From all which you perceive how, with great diligence, the Apostles exhibit throughout the ground and confirmation of their preaching and doctrine. The Councils and the Popes now reverse this course, and would deal with us apart from Scripture, commanding us, by obedience to the church and the terrors of excommunication, that we should believe on them. The Apostles were filled with the Holy Spirit, and were certain that they were sent by Christ, and preached the true Gospel; yet they did not exalt themselves, and did not ask men to believe them, unless they conclusively proved from Scripture that it was just as they said, so that the mouth of the unbelieving was stopped, insomuch that they could object nothing further. And shall we believe those grossly unlearned heads who do not preach God's word at all, and can do nothing else but cry out continually, "Surely the fathers cannot have been in error, and this has been decided now for a long time, so that it must no more be a question?" But this we can clearly prove from the Scriptures, that no one can be saved but he who believes on Christ, so that against this they can say nothing. But on their side they will never be able to prove to us from Scripture that he is to be condemned who does not fast on this or that day. Therefore we ought not and shall not believe them.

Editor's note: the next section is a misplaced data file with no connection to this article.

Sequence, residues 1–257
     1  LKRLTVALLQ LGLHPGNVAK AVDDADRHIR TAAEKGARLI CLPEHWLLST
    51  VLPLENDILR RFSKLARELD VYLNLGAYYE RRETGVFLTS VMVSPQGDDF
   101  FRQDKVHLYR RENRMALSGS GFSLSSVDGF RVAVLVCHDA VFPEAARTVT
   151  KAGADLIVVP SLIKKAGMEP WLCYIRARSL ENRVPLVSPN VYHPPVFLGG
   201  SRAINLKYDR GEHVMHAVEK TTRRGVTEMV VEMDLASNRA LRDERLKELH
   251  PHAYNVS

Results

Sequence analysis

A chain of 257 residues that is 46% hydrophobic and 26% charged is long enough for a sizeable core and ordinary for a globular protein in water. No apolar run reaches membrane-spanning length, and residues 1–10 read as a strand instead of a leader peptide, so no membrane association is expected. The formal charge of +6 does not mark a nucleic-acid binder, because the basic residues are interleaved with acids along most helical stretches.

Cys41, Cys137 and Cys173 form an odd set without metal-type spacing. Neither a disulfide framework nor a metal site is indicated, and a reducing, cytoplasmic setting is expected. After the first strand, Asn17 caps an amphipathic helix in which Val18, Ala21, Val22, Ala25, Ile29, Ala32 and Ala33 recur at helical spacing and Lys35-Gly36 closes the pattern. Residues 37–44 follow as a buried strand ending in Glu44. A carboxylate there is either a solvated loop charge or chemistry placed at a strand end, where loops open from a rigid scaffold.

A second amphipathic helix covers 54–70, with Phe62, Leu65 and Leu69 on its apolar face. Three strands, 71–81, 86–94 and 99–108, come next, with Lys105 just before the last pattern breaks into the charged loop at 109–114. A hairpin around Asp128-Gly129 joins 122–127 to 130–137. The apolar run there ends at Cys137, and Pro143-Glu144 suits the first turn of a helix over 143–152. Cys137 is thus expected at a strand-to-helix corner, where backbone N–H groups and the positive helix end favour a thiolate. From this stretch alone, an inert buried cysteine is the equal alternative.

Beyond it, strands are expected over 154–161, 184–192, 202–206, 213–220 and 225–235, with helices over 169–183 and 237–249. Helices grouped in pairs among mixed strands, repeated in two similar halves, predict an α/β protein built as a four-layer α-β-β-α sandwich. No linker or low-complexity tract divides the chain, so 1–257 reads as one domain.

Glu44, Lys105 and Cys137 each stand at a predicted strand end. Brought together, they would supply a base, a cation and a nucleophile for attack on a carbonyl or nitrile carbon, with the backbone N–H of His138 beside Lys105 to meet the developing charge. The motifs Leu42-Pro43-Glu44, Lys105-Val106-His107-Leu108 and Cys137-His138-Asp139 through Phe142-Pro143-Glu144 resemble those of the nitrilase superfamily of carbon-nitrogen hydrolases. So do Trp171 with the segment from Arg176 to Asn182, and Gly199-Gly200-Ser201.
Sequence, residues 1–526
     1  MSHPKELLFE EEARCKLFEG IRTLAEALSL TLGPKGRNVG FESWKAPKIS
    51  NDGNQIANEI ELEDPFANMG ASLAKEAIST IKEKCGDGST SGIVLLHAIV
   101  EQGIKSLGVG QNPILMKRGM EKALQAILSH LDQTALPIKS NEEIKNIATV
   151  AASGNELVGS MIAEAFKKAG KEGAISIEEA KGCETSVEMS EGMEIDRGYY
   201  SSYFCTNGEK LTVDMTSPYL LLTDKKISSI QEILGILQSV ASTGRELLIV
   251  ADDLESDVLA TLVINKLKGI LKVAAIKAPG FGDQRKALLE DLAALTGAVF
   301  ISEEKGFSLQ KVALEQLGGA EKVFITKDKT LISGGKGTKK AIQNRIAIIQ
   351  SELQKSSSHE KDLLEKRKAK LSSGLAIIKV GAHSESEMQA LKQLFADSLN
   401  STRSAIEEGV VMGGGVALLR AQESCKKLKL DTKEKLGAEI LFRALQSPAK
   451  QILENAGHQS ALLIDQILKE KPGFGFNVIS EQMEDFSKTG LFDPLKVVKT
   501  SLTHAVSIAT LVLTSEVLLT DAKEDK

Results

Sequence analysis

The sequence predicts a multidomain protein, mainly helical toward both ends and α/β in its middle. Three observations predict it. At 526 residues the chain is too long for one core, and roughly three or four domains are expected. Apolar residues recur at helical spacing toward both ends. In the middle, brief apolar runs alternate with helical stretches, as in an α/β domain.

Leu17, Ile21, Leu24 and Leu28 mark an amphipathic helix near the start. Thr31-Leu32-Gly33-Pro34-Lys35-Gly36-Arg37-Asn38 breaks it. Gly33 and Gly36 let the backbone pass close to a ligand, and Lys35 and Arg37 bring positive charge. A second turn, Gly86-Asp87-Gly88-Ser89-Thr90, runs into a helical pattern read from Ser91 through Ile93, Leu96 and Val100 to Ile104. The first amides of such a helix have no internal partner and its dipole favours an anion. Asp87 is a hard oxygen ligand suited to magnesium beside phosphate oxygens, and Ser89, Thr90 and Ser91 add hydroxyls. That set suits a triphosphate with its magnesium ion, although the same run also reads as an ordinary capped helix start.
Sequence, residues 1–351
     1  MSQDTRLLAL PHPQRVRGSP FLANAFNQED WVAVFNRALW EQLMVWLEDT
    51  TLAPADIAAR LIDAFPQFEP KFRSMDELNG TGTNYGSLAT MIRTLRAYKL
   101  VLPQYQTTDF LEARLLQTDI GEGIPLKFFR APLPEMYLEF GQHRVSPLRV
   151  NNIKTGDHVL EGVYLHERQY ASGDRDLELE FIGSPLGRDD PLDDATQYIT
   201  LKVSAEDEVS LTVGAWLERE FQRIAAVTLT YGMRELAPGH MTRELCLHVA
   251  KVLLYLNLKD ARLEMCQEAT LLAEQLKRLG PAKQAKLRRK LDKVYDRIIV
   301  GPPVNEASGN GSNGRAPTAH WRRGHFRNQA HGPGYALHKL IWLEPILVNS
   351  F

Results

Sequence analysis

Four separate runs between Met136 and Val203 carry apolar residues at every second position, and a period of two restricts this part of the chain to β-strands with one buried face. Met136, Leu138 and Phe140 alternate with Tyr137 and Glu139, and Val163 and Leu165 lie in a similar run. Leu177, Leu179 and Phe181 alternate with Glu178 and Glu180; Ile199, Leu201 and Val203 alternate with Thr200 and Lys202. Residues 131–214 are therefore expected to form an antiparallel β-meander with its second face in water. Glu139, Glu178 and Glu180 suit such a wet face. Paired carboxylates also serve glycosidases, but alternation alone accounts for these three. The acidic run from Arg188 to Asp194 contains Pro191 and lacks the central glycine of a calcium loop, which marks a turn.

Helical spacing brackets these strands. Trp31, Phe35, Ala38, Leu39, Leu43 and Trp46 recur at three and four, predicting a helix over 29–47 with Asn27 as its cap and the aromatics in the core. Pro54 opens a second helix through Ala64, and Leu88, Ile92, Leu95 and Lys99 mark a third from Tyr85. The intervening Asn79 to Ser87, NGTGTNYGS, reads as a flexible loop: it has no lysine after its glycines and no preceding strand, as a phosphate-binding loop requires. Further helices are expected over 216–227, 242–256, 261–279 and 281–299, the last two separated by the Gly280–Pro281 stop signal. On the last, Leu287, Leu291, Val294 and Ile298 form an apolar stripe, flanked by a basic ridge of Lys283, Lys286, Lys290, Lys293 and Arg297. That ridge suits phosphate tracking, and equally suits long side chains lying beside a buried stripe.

Now St. Peter says further:

V. 11. Which spirit testified beforehand the sufferings of Christ, and the glory that should thereafter be revealed. This may be understood of both kinds of suffering,—that which Christ, and we also, suffer. St. Paul calls the sufferings of all Christians the suffering of Christ. For just as the faith, the name, the word and work of Christ are mine, inasmuch as I believe on Him, so His suffering is also mine, since I suffer also for His sake. Thus will the sufferings of Christ be daily fulfilled in Christians, until the end of the world.